Seamless service delivery: Personalised, frictionless and anticipatory.
Government agencies are increasingly providing personalised, frictionless and proactive services to citizens. There are several avenues that governments are taking to achieve this vision of seamless service delivery: committing to fully digital services, designing proactive services around life events and building infrastructure to support such seamless services. The goal: have government services approach the ease of the best online experiences.
Location liberation: Adaptive workplaces in government.
COVID-19 caused organisations to fundamentally change how they accomplished their respective missions. From remote work to telemedicine and online schools, the pandemic brought the future of government work into the present. This trend follows the emergence of adaptive workplaces, including approaches for managing a distributed workforce and delivering high-quality citizen services virtually.
Fluid data dynamics: Generating greater public value from data.
Data is assuming an elevated level of importance within and outside government. Public agencies are developing novel approaches to maximise the value of the data they hold, including appropriately sharing that data. Across the globe, the trend towards fluid, dynamic data is changing how data is being used and shared by government and its partners in academia, nonprofits and the private sector.
Government as a cognitive system: Using hindsight, real-time data and foresight to drive policy and decision-making.
The best governments are constantly learning, evolving and making decisions—just like people do. When government understands itself as a “cognitive system,” it can take steps to increase how quickly it learns. This entails using data in new ways to gain insights from the past and present, and to make reliable projections about the future. This augmented learning and decision-making capability can create immense public value. Governments can design programmes with an intelligence architecture in mind. The hindsight of past performance, coupled with real-time data in the present, can lead to optimal decisions for the future.
Agile government: Building greater flexibility and adaptability in the public sector.
The pandemic has highlighted the need for a fast, flexible and mission-centric government and many governments around the world have embraced the opportunity and shown they are up for the challenge. Governments had to make timely decisions—they needed to move fast. This agile imperative can be seen in many areas, including policymaking, regulation, procurement and the workforce.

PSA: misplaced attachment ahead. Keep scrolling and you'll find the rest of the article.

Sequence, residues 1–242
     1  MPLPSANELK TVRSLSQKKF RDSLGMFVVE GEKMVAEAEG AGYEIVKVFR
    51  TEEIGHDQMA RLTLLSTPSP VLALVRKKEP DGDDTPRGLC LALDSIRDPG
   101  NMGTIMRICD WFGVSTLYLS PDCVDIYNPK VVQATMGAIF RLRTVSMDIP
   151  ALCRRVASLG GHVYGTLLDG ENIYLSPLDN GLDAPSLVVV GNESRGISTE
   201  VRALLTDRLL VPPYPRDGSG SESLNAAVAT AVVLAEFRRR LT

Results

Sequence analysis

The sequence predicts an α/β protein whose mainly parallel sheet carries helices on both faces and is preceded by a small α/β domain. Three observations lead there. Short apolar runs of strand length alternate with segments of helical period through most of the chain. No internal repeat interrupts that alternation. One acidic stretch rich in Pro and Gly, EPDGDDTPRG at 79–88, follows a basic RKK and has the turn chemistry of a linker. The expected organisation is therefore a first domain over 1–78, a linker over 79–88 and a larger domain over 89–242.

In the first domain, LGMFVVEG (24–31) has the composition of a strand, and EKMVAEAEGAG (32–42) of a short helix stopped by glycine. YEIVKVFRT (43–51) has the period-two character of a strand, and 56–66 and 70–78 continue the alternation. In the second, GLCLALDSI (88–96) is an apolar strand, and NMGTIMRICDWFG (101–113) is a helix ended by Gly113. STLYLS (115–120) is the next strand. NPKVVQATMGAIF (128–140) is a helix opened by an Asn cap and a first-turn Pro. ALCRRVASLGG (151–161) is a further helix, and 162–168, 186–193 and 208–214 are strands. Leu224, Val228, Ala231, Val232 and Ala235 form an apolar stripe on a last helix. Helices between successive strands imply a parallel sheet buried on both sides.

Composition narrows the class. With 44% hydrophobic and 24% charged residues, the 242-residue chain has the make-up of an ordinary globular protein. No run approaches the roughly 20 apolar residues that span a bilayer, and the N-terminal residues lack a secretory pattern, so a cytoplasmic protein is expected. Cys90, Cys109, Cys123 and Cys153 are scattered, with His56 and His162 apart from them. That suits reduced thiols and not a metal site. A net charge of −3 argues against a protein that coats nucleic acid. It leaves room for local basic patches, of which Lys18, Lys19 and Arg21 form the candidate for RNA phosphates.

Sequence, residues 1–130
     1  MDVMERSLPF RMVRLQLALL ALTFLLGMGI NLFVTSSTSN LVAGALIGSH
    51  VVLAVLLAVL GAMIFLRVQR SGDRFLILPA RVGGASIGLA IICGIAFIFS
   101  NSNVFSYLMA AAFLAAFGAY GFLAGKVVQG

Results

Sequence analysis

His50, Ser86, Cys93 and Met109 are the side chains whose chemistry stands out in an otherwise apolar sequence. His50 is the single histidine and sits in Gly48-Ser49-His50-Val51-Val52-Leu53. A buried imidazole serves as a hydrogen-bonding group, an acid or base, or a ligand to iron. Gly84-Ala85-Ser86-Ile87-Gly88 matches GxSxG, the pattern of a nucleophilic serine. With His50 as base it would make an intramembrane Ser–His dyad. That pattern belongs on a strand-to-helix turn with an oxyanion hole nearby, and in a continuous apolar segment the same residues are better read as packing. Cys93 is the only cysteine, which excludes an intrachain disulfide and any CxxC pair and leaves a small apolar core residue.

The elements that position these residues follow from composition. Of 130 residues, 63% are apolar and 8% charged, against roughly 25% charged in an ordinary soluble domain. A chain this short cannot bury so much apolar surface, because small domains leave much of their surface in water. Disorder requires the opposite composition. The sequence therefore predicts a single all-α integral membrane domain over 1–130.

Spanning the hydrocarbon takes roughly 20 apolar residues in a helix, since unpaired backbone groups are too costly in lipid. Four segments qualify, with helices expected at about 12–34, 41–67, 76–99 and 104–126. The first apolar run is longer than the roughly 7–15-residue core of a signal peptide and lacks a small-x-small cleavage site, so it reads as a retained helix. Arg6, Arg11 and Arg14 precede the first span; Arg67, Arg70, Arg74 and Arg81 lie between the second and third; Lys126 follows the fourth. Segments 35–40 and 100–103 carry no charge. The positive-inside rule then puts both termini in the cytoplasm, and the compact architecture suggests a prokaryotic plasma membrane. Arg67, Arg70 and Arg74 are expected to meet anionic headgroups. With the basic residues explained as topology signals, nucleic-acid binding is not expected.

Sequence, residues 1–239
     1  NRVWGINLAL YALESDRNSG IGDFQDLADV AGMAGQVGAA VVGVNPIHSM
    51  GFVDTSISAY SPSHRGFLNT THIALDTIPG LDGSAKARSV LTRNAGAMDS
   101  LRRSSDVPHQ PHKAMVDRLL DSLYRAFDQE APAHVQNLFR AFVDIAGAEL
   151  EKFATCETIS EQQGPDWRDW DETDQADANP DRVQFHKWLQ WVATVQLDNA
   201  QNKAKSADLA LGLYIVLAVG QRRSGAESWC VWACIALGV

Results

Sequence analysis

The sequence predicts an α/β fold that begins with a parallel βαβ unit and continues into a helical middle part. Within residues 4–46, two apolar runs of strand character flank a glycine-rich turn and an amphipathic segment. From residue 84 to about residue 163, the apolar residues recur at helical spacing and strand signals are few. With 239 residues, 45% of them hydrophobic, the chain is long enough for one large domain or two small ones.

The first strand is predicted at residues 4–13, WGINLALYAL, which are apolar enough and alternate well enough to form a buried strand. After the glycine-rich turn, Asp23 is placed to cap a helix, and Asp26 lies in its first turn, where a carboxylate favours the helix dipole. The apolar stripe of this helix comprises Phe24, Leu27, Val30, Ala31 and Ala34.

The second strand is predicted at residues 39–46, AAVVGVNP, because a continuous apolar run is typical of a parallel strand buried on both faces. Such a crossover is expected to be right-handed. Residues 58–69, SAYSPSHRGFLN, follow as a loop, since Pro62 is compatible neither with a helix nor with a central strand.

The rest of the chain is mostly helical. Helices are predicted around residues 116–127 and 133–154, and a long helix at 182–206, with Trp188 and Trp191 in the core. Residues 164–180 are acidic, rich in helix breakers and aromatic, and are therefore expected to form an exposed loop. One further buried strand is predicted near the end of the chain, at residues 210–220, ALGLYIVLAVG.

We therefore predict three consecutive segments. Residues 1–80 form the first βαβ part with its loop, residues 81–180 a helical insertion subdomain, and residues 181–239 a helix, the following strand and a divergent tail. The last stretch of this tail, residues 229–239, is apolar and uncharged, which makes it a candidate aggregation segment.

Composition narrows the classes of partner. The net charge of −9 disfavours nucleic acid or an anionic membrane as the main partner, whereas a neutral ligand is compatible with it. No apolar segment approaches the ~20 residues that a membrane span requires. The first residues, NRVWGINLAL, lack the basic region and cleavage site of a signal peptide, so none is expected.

Government's broader role in cyber: How governments are adjusting to help secure cyber ecosystems.
A cyber hack that would once damage a single organisation can now spread to threaten an organisation’s partners, clients, or even an entire industry or a sector. Governments want to tap into a growing information ecosystem, but what about the risks? Reliable cybersecurity requires breaking down internal silos, recrafting external relationships and making sure the public workforce comprises the best cyber talent.
Inclusive and equity-centred government: Embedding greater inclusion, diversity and equity into the public sector.
As inclusion and equity issues come to the forefront, governments are focusing more on the underlying causes of systemic imbalances and questioning the fundamentals of how policies are developed, implemented and assessed. Some of the global approaches being embraced include inclusive and equity-centred design, equitable access to public goods, data sovereignty and equity, and cocreation and citizen engagement.
Sustaining public trust in government: Strengthening trust in government institutions, systems and processes.
In many parts of the world, trust in government skyrocketed in 2020. In some countries, however, trust in government was close to an all-time low. Such trust—and increasingly social trust or social capital—is crucial to managing challenging economic and public health issues.6 Governments are working towards making trust a core component, tackling information manipulation, weaving in greater transparency and building trust in government’s digital systems, services and data initiatives.
Understanding these trends is the first step in navigating the journey ahead.